Education

QHS dealing with rise in hate speech

By Herald-Whig
Posted: Mar. 18, 2017 10:05 pm Updated: Mar. 18, 2017 10:15 pm

QUINCY -- Quincy High School is taking a proactive approach to dealing with a rise in what it calls casual hate speech among students.

The school has held an assembly, with another one slated for Tuesday, and classroom discussions designed to help students remember that their differences are "something to celebrate rather than turn into a situation where someone doesn't feel safe or respected," QHS Principal Danielle Arnold said. "The one similarity we all have is that we are Quincy High School."

A recent survey revealed some startling statistics. Ninety percent of students have heard another student at QHS use a racial slur. Sixty-seven percent have heard or seen someone at QHS make fun of someone because of a disability. Eighty-nine percent have heard or seen someone at QHS make fun of someone based on how they look.

Things heard in the hallways bother QHS senior Hannah Brice.

"I don't think people should have the right to say this kind of stuff to students who can't control where they're from or why they're like this. There's a huge problem with people using the ‘N' word. I hate that word, even if it's not directed at me," Hannah said.

 

‘Just how it is'

"Most of what they're reporting is things that are not necessarily being said with ill intentions but that it seems students are simply using slurs as part of their general conversation with one another, almost as though they think it's acceptable," Arnold said. "So what we're doing is we're talking to them about how words that they use casually may be offensive and hurtful to others."

QHS senior Deven Smith said student speech nowadays is "kind of slurred" because of the influence of social media and music.

"It's just how it is," Deven said.

Hate speech, defined for the QHS discussions, is not just any speech that is directed toward one group. It's speech that offends, threatens or insults groups based on race, color, religion, national origin, sexual orientation, disability or other traits.

Deven said he's had some comments directed at him, and he's heard other remarks. "It bothers me, but at the same time, you just let it go by, not hold onto it and go on with my day," he said.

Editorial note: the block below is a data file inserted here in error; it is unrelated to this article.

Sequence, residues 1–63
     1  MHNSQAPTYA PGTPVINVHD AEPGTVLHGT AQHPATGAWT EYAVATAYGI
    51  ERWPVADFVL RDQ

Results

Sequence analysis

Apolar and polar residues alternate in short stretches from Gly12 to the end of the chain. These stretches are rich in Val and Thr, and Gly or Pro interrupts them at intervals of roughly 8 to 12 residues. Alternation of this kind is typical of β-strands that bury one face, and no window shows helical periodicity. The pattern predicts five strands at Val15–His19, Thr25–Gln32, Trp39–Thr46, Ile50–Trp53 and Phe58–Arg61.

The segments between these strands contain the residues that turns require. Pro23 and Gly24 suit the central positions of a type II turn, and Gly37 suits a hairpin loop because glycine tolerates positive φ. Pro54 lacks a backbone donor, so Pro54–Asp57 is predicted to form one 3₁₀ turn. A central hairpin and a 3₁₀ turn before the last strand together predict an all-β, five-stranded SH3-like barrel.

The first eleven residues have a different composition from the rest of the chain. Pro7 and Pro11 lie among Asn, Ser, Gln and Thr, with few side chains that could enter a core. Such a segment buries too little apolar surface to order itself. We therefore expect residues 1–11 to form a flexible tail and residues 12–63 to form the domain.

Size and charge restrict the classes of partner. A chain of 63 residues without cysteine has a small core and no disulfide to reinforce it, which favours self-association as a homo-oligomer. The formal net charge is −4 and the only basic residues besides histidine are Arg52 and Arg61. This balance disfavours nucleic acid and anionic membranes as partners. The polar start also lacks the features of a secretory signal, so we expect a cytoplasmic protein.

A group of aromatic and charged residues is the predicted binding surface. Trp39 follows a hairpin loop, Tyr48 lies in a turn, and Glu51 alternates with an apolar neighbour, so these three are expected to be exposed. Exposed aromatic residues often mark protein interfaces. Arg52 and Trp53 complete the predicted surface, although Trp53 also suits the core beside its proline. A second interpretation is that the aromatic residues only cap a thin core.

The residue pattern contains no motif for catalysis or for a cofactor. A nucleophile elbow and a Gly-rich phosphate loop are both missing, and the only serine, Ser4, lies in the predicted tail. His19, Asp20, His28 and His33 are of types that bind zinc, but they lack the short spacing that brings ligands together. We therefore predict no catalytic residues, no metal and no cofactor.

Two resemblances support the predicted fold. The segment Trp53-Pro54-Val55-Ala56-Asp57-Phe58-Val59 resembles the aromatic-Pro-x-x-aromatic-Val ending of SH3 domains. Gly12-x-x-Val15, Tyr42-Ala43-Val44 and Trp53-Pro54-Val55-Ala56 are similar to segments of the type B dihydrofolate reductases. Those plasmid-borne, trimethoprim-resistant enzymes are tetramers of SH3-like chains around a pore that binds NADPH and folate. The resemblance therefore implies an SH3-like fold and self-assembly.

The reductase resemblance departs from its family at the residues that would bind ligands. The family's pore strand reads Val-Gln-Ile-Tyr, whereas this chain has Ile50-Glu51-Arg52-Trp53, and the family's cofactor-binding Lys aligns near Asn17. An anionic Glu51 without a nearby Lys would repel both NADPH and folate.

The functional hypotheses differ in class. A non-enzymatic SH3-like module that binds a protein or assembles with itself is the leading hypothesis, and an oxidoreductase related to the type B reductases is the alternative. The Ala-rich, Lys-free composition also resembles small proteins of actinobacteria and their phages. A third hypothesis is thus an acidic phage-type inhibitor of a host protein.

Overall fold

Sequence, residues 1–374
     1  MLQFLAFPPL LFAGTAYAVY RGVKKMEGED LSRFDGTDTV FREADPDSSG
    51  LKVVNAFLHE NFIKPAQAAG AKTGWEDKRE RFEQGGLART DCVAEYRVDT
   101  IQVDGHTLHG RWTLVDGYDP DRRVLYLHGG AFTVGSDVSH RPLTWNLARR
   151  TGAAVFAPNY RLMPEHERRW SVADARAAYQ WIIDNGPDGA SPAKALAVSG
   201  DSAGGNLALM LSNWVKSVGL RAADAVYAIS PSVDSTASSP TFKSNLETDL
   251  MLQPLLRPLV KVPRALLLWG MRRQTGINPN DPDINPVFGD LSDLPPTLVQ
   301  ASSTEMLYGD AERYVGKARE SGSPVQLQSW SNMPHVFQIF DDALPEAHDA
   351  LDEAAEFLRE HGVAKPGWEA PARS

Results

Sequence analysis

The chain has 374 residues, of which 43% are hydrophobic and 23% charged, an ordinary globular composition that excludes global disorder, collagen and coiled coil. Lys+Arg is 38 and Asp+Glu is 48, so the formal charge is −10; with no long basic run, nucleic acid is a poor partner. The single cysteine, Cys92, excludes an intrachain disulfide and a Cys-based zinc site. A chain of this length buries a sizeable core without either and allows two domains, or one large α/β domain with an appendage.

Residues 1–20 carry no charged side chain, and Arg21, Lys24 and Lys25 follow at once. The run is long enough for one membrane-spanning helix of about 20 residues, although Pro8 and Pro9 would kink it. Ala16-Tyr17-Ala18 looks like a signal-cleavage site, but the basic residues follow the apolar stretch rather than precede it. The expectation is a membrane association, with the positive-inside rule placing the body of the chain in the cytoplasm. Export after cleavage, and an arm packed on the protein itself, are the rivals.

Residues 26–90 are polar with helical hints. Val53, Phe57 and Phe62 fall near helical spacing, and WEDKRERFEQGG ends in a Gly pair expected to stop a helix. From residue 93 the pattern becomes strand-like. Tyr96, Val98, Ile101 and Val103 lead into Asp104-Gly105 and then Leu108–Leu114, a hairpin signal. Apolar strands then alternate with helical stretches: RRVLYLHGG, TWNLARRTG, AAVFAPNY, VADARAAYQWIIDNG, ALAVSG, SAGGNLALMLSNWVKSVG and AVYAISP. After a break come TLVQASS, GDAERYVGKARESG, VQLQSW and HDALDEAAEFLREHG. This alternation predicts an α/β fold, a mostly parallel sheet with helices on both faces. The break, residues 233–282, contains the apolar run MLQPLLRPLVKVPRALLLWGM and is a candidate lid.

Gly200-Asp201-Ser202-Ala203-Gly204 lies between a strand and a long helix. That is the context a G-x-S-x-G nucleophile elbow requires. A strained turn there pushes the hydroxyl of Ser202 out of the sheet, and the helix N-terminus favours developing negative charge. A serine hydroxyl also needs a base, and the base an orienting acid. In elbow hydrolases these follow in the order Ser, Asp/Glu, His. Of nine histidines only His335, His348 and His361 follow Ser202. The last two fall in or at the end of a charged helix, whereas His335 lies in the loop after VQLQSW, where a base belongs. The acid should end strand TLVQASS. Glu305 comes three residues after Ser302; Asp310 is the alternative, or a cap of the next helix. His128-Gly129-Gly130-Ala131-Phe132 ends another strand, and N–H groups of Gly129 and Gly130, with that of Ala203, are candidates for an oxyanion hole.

But he's careful with his own words.

"I'm just trying to live a Christian life, not trying to bring people down," he said. "It's just all about being positive. A lot of people are depressed. You can tell just by how they are in the hallways with heads down, music blaring."

Students report hearing hate speech in the hallways between classes and the same sentiment carried into action, like bullying, in gym classes.

"Just as an example, some kid throwing the ball as hard as they can at another kid's face and laughing. Somebody needs to step in there. It's so obviously bullying," one QHS senior said. "Guys pick on a smaller guy just because he's smaller. Girls are just as bad, but not as upfront."

 

Trump factor?

Home environment, maturity levels and even national politics tie into what students say to each other. "Right around the time President Trump was brought into office and nominated as president, it got really bad," Hannah said. "It's died down a little, but it was like ‘Oh, Trump's our president. We can do whatever we want.'"

QHS senior Sidney Heck said while hate speech hasn't been directed at her, she hears it between students. "It really isn't something I want to go on at my school," she said.

Talking about the issue is a step in the right direction, but "it will start making a difference when everyone puts forth (efforts against hate speech). You can't have half the school doing it and half not," Sidney said.

Teacher Michelina Sullivan said just opening the dialogue can help create an atmosphere of understanding at the school.

"One purpose of these discussions is for our students to learn how to be able to have conversations exploring perspectives outside of their own, not to change their minds on an issue, but to know how to create a culture of conversation," Sullivan said. "It comes back to the golden rule of treating others as you would want to be treated, and that is a life lesson I hope they take with them at the end of the day."

Some students want to see consequences tied to using hate speech and consistently enforced.

"If you do this, then this needs to happen and that does not happen all the time," Sidney said.

"I definitely think teachers are going to be more aware of it. Teachers and administrative staff said they will try to step in more with hate stuff in the hallway," Hannah said.

"Everyone here -- no matter what race, gender, sexual orientation, income, political affiliation or disability -- should feel part of our school," Arnold said. "It is not about one group, not about someone who does something we disagree with, not about the presidential election, not about free speech. It is only about creating a common language of respect and being the best people and the best high school we can be."